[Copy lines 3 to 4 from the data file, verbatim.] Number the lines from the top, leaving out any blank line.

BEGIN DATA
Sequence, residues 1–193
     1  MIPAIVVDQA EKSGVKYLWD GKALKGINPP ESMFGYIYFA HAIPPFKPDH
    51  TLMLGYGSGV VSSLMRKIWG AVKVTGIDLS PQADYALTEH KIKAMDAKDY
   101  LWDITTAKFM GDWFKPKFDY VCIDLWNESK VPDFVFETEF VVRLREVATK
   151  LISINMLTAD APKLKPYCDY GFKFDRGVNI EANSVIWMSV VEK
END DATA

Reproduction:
    51  TLMLGYGSGV VSSLMRKIWG AVKVTGIDLS PQADYALTEH KIKAMDAKDY
   101  LWDITTAKFM GDWFKPKFDY VCIDLWNESK VPDFVFETEF VVRLREVATK